Cervical cancer in elder Black lesbian and bisexual women

From American Society on Aging by Tiffany Rice

Lesbians and bisexual women are both underrepresented populations in current research on aging and health disparities, according to a review of available literature. Traditional health literature has grouped lesbians, gay, bisexual and transgender (LGBT) people, ignoring the differing health needs of each group. Further review of research reveals that even less is known about the health concerns of elder Black lesbian and bisexual women.

Because of this gap in research, contemporary researchers have deemed cancers—particularly gynecological cancers—an overlooked health disparity impacting lesbian and bisexual women. Gynecological cancers are a group of cancers impacting sex organs in the pelvis. Cervical cancer, also called uterine cervix cancer, is the second most common form of gynecological cancer impacting Black women, following uterine corpus cancer.

Cervical cancer is caused by human papillomavirus (HPV), a type of skin virus. Because of cervical cancer’s slow growth rate it is the easiest gynecological cancer to prevent. The median diagnosis age is 48, and women older than 65 represent 20 percent of newly diagnosed cases.

About 12,000 new cases of cervical cancer occur each year in the United States, leading to 4,200 deaths. Screening via regular Pap tests allow healthcare providers to find and treat abnormal cells before they turn into cancer. Most cases of cervical cancer occur in women who have never been screened, or in those who have not been screened in the past five years. Between 2011 and 2012 there were 2,170 Black women diagnosed with cervical cancer. Based on figures from a national sample, about 38 percent of lesbians, compared to 13 percent of the general population, did not report receiving regular cervical cancer screenings.

Cervical Cancer Risks Factors

Risk factors for cervical cancer fit into a number of loose categories, including: behavior risks; social or demographic risks; and, medical or genetic risk factors. Behavioral risks include smoking, past sexually transmitted infections, lack of Pap tests and diets lacking fruit and vegetables. Social and demographic factors include parity (birthing children) and poverty. Medical or genetic factors include use of birth control, family history, age, immunosuppression and use of the anti-miscarriage drug Diethylstilbestrol (DES).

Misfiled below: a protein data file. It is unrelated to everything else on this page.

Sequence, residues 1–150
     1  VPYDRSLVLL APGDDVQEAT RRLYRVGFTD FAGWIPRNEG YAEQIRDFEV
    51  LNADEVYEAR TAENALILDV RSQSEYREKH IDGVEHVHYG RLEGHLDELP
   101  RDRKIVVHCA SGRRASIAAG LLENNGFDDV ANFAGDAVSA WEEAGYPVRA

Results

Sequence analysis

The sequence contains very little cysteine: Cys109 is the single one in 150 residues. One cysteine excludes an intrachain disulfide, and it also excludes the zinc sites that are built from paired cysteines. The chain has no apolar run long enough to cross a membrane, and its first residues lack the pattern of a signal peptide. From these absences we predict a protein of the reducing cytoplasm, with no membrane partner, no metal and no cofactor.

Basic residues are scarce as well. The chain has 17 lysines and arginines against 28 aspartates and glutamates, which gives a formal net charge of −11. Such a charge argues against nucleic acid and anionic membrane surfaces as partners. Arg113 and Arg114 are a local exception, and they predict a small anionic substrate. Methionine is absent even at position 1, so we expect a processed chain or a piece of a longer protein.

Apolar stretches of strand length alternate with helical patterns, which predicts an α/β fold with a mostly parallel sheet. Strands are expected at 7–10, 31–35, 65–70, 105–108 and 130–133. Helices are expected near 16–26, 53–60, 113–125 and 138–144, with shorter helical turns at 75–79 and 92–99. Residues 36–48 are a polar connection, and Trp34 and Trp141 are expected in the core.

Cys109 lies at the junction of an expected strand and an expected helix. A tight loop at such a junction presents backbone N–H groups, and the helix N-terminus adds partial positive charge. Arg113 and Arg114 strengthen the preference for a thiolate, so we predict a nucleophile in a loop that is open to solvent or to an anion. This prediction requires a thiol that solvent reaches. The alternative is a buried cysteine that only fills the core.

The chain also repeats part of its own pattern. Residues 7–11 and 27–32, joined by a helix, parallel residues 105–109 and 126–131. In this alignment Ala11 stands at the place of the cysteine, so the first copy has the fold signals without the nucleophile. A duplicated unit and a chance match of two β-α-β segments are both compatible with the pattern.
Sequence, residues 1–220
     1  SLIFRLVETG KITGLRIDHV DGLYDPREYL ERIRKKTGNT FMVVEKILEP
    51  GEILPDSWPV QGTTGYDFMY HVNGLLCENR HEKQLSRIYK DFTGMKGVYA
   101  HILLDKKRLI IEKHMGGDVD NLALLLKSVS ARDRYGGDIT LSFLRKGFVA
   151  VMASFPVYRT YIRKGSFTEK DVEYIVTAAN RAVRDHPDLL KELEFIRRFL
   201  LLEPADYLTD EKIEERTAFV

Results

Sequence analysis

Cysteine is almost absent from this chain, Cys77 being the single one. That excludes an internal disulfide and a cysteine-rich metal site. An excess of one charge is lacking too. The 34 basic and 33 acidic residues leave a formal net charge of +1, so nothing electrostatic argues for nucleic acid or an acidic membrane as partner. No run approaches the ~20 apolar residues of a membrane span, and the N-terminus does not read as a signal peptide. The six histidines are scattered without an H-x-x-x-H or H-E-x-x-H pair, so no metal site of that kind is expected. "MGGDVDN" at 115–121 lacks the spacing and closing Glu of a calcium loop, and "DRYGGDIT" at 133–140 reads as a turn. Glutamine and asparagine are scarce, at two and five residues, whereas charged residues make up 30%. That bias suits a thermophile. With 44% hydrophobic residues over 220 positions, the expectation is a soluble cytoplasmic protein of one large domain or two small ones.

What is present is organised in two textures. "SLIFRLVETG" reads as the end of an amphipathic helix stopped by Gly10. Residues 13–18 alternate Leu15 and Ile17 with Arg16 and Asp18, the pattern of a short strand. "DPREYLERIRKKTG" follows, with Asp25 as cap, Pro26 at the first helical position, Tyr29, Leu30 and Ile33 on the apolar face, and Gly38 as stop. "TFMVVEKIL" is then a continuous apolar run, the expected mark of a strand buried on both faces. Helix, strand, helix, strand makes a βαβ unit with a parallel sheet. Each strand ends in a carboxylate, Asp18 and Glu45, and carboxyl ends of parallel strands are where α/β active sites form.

Lesbian and bisexual women of color have been shown to exhibit more behavioral risk factors for cervical cancer than heterosexual women. And being an elder Black woman may bring a host of other risk factors that are not as prevalent in younger populations. For example, elders constitute a large portion of people living in poverty in the United States, with women experiencing double the rate of poverty as men. Other possible risks are higher rates of autoimmune disorders like lupus and the number of children one has over one’s lifetime.

Barriers to Screening

While increased risk of cervical cancer may point to a greater need for screening among elder Black lesbian and bisexual women, barriers exist that make access difficult. While the overall rates of cervical cancer have decreased in the past 50 years because of affordable and readily available Pap tests, Black lesbian and bisexual women are still not visiting their gynecologists as often as other populations. Literature consistently points to the role of education and discrimination as barriers to screening in Black women. Black women who have attained higher levels of education are more likely to obtain Pap tests.

Many women have ill-conceived notions leading them to disregard the need to be screened. This disregard can come from elder Black lesbian and bisexual women or from treatment providers. Many providers buy into the dangerous misconception that women with same sex partners do not or have never had sex with men. One’s sexual history with men inappropriately becomes the deciding factor of whether or not to screen.

Another barrier to cervical cancer screening faced by elder Black lesbian and bisexual women is discrimination from healthcare providers. Discrimination can be because of race, age, sexual orientation or gender presentation. Women who present in a gender-nonconforming manner often experience discrimination based on their gender presentation and perceived lesbian sexual orientation. On the other hand, bisexual women routinely experience being judged as promiscuous by healthcare professionals.

What Providers Can Do

In addition to engaging in reflective practice, providers must actively advocate for programs that address disparities experienced by this community. They must recognize the history of invisibility and discrimination that acts as a barrier to early detection and treatment. Outreach must be transformed to reflect inclusive methods of engaging community members. Such methods recognize that individuals are embedded in multiple communities. The values of these communities must be recognized and engaged in the process of developing interventions.

Providers and consumers also must consider building coalitions to educate and advocate for increased attention and funding to support education efforts. Both providers and consumers must raise their level of awareness to include existing resources. For example, the Mautner Project is a national lesbian health service that offers trainings and referrals for service providers. The agency also provides referrals, educational programs and social services for elder Black lesbian and bisexual women with cancer.

Other programs include:

National LGBT Cancer Network

The National Center for Transgender Equality

Lesbian Health & Research Center

MedlinePlus: Gay, Lesbian and Transgender Health

National Women’s Health Information Center

The National Coalition for LGBT Health

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